N2 - The issue of protecting traditional knowledge and genetic resources is a textbook example of a legal problem in a world of hybrid legal spaces where a single problem, act or actor is regulated by multiple legal regimes. Unmistakingly, the Nagoya Protocol deserves credit for formally recognising community protocols and customary laws but this article argues that this recognition is not the end of the struggle for indigenous peoples to gain rights over their land and culture. Drawing parallels between access and benefit sharing agreements and native title claims allows for identification of the problems that can arise when Western jurisprudence translates customary laws cross-culturally. The challenges that indigenous peoples are facing in native title claims can show how Western law interprets traditional law and customs and can be used as a benchmark to anticipate the problems indigenous peoples and local communities will encounter when Article 12.1 of the Nagoya Protocol will be applied on the ground. From a theoretical point of view, this article argues that the exclusion or misinterpretation of customary law in Western courts is intrinsic to their legal processes and it draws upon the work of Margaret Davies to show that the psycho-analytical distinction between foreclosure and repression can offer a useful lens to further analyse the relationship between Euro-American and indigenous law within the context of the Nagoya Protocol.

AB - The issue of protecting traditional knowledge and genetic resources is a textbook example of a legal problem in a world of hybrid legal spaces where a single problem, act or actor is regulated by multiple legal regimes. Unmistakingly, the Nagoya Protocol deserves credit for formally recognising community protocols and customary laws but this article argues that this recognition is not the end of the struggle for indigenous peoples to gain rights over their land and culture. Drawing parallels between access and benefit sharing agreements and native title claims allows for identification of the problems that can arise when Western jurisprudence translates customary laws cross-culturally. The challenges that indigenous peoples are facing in native title claims can show how Western law interprets traditional law and customs and can be used as a benchmark to anticipate the problems indigenous peoples and local communities will encounter when Article 12.1 of the Nagoya Protocol will be applied on the ground. From a theoretical point of view, this article argues that the exclusion or misinterpretation of customary law in Western courts is intrinsic to their legal processes and it draws upon the work of Margaret Davies to show that the psycho-analytical distinction between foreclosure and repression can offer a useful lens to further analyse the relationship between Euro-American and indigenous law within the context of the Nagoya Protocol.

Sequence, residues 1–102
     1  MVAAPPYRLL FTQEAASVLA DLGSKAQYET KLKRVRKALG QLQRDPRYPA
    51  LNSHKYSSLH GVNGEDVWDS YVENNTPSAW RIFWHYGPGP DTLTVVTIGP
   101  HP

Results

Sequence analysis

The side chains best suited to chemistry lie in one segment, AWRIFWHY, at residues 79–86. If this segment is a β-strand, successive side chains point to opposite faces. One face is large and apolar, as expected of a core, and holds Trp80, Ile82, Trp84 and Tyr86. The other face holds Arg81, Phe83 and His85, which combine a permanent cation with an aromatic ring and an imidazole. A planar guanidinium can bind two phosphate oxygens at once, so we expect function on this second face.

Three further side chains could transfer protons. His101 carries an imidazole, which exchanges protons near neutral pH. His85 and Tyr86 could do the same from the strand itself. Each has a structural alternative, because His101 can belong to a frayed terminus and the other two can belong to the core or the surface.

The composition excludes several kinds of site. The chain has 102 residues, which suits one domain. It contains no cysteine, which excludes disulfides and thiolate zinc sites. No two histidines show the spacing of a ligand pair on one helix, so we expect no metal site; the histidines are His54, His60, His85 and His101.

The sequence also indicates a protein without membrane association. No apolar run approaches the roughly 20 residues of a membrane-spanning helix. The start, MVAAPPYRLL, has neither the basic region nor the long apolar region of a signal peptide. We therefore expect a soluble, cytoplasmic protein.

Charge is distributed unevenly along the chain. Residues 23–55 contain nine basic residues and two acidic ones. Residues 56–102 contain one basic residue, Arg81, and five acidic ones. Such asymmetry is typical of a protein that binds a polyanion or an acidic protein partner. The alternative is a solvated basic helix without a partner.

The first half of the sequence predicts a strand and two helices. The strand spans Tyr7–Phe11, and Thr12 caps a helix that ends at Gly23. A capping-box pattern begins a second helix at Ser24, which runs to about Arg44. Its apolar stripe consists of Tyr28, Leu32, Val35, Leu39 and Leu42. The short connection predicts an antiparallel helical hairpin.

KW - indigenous peoples

KW - law in context

KW - Nagoya protocol

KW - native title claims

KW - Hoodia

KW - Access and benefit sharing

KW - Convention on Biological Diversity

M3 - Journal article

VL - 9

SP - 187

EP - 201

JO - Law, Environment and Development Journal

JF - Law, Environment and Development Journal

SN - 1746-5893

IS - 2

ER -